Last week, at the close of the trial, Trepova had a chance to address the courtroom. “I am very hurt and very ashamed that my gullibility and my naïveté led to such catastrophic consequences,” she said. “I didn’t want to hurt anyone. . . . And that’s why I’m especially pained and ashamed that a terrorist attack was carried out with my hands.”

In the days before the verdict, Trepova’s husband, Dmitry Rylov, published an open letter on social media in which he called on Popkov to reveal what he knew about the operation. If Popkov publicly admitted that Trepova had been an unwitting participant, Rylov said, perhaps the court would treat her less harshly, or even recategorize her alleged offense as something lesser than terrorism. “Tell us that you or people connected with you convinced Dasha to take the figurine to Tatarsky, not knowing about its contents,” Rylov wrote. “This is the truth, and it is the truth that I defend, and I would like to hope that you will, too. Do the right thing. . . . Save Dasha’s life and freedom, because her fate is again in your hands.”

When I spoke with Rylov recently, he told me that, though he and Trepova shared a general inclination toward opposition views—“That was obvious, it didn’t need to be discussed,” he said—neither of them were particularly engaged in politics. They were shocked, however, by Russia’s invasion in February, 2022. “I remember that day,” he told me. “There was barely any news. We didn’t understand much. But it was clear such a thing cannot be tolerated.” That evening, they joined hundreds of protesters who marched down Nevsky Prospekt, St. Petersburg’s main thoroughfare, and were detained by riot police. Rylov was sentenced to nine days in jail; Trepova, ten. Nonetheless, Rylov said, “Life continued as usual.”

At the time, Rylov and Trepova were just friends, having met at a party in St. Petersburg a couple of years earlier. But, that March, a few weeks after their arrest, he proposed—more a means of facilitating a move abroad than a gesture of true love, he admits. Still, they married and began getting their documents in order. (A friend of Trepova’s told the Russian news site Agentstvo that the marriage was a “joke” and that Trepova did not seem particularly invested in the relationship.) But, Rylov insists, over time their feelings became deeper and more romantic. That September, when Russia announced a military draft, Rylov left the country. He and Trepova fell in and out of touch.

As to what happened next, Rylov told me, “She was rather secretive about everything.” She spoke vaguely of some tasks she had to carry out, such as writing analytical articles on, for example, the difference between attitudes toward the war in Moscow and St. Petersburg. (Those articles were never published. Rylov noted, “Now we know why.”) Other times, she had to go to a particular shop and buy a greeting card or a book. “She said she couldn’t say anything more,” Rylov said. But he heard in her voice a mounting sense of uncertainty and paranoia. “It seemed clear to me she didn’t like what was going on,” he told me. “But she couldn’t bring herself to sit down and put the pieces together.” When Rylov raised objections, Trepova deflected. “She knows how to calm people down, to convince them everything is O.K.,” he said.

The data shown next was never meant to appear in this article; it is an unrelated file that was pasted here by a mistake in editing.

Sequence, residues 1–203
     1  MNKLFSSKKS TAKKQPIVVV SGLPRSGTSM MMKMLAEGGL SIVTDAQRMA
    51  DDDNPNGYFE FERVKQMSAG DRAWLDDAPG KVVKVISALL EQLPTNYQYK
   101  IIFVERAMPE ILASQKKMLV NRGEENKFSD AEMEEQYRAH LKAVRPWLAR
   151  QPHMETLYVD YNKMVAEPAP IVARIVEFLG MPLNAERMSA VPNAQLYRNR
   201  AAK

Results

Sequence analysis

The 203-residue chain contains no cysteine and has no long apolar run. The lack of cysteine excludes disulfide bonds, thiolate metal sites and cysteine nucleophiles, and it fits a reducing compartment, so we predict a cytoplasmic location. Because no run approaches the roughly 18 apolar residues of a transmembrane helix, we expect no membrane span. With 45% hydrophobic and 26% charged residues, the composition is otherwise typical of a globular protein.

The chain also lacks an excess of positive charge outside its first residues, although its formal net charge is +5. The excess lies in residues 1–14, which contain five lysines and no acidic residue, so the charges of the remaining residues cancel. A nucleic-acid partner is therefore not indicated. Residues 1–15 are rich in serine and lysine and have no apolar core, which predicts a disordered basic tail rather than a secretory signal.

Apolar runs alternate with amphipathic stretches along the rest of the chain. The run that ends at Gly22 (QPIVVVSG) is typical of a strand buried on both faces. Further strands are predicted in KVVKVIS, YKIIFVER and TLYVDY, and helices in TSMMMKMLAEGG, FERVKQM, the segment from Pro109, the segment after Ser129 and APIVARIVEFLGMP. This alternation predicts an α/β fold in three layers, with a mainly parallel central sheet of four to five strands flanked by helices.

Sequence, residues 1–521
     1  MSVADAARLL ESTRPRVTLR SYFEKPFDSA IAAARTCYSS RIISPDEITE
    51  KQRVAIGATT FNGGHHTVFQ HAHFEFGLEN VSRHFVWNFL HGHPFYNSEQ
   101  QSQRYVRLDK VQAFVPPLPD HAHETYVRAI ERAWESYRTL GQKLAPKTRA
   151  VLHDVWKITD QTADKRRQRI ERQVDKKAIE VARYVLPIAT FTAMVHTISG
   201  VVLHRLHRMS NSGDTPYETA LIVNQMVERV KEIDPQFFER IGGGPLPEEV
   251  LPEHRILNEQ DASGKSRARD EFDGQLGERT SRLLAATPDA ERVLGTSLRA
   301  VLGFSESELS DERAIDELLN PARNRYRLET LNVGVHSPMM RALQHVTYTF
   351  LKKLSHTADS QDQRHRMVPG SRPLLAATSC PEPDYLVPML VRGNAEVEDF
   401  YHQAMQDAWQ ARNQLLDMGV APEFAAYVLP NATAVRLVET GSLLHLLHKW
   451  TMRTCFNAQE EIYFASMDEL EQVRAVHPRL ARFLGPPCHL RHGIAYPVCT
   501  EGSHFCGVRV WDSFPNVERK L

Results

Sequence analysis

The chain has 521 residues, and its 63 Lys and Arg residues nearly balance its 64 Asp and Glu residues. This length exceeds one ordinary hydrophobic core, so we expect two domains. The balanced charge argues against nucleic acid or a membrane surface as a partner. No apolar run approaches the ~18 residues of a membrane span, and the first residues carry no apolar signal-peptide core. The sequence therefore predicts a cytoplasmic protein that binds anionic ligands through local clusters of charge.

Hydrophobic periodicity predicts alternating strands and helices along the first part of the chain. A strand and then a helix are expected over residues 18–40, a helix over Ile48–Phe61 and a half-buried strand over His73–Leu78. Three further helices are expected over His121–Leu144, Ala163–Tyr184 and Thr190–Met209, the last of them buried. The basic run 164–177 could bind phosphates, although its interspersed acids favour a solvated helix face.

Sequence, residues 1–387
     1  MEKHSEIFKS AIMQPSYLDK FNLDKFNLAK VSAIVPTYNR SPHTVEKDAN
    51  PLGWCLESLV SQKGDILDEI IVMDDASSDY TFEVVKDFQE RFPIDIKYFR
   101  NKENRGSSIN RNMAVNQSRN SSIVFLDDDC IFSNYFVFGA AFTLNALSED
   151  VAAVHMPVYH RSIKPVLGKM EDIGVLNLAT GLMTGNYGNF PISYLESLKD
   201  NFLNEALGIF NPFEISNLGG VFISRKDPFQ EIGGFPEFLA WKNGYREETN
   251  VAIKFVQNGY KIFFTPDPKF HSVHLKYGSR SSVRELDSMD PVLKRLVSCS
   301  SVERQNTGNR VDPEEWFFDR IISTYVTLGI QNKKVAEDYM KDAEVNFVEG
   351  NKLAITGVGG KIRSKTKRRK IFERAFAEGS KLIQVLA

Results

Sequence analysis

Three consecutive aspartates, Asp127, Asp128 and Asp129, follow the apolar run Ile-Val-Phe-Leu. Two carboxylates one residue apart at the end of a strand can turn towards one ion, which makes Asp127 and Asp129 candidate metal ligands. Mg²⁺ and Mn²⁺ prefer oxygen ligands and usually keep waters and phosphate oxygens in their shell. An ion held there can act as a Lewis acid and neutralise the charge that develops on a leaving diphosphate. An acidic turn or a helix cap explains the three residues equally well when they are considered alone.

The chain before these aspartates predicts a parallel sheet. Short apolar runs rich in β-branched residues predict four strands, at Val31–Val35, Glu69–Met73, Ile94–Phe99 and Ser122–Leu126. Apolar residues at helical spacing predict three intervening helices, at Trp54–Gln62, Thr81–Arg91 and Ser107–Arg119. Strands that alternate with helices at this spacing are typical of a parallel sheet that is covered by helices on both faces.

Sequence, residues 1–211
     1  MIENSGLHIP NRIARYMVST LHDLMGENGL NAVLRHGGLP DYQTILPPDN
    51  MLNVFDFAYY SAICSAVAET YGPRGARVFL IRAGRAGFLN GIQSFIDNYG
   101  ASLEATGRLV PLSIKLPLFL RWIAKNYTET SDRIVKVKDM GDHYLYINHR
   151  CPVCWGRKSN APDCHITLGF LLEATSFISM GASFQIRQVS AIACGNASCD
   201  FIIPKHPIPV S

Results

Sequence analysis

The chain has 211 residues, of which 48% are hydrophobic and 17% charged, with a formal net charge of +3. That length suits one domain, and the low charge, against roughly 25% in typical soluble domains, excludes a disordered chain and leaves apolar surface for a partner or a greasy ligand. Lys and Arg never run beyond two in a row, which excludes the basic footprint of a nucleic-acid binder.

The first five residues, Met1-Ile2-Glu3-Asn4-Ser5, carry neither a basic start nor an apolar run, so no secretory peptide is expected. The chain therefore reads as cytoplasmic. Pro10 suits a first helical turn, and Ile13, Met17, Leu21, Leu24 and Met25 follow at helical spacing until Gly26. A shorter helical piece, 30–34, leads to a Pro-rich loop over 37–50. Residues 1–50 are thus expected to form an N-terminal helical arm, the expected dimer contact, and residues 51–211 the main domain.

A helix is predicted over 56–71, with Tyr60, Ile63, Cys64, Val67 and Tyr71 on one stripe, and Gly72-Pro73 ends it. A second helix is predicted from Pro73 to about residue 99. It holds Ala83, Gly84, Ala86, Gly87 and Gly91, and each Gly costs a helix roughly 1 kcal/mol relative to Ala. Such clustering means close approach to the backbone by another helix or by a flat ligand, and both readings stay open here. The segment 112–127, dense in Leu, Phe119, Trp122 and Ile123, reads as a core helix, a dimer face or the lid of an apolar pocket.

Last March, Trepova mentioned the statuette, telling Rylov—as she later testified in court—that she believed it contained a listening device. “Dasha was very worried about this statue,” Rylov said, but not because she considered it a dangerous weapon. She kept it at her apartment. According to Rylov, her main concern was that, when she gave the statuette to her target—she never said who or what that might be—it would come apart or otherwise be revealed as a secret listening device. Still, she pressed ahead. “She said it would be the last task before they facilitated her move,” Rylov told me.

On the morning of April 2nd, Trepova sent Rylov a picture from her breakfast at a café. He knew that she had a plane ticket to leave Russia later that day, purchased by the mysterious friend he knew little about. That evening, he got another message from her: “I’m in trouble. I need to hide somewhere.” Rylov hadn’t seen the news and didn’t understand what was going on. His friend Dmitry Kasintsev, a twenty-seven-year-old math tutor, agreed to let Trepova hide out in his apartment. (Kasintsev was also charged and received a sentence of one year and nine months in prison. Rylov told me, “My friend had nothing to do with any of this and I deeply regret that I got him mixed up in it.”) That night, Trepova sent Rylov another message. “I was set up.” She said the people who had given her the assignment had stopped answering her messages. “She felt in that moment that she was completely abandoned,” Rylov said. The police showed up that morning and found Trepova lying in bed. She told the officers that she knew why they had come. (Trepova sent me a letter from jail but she asked that I not use its contents for publication.)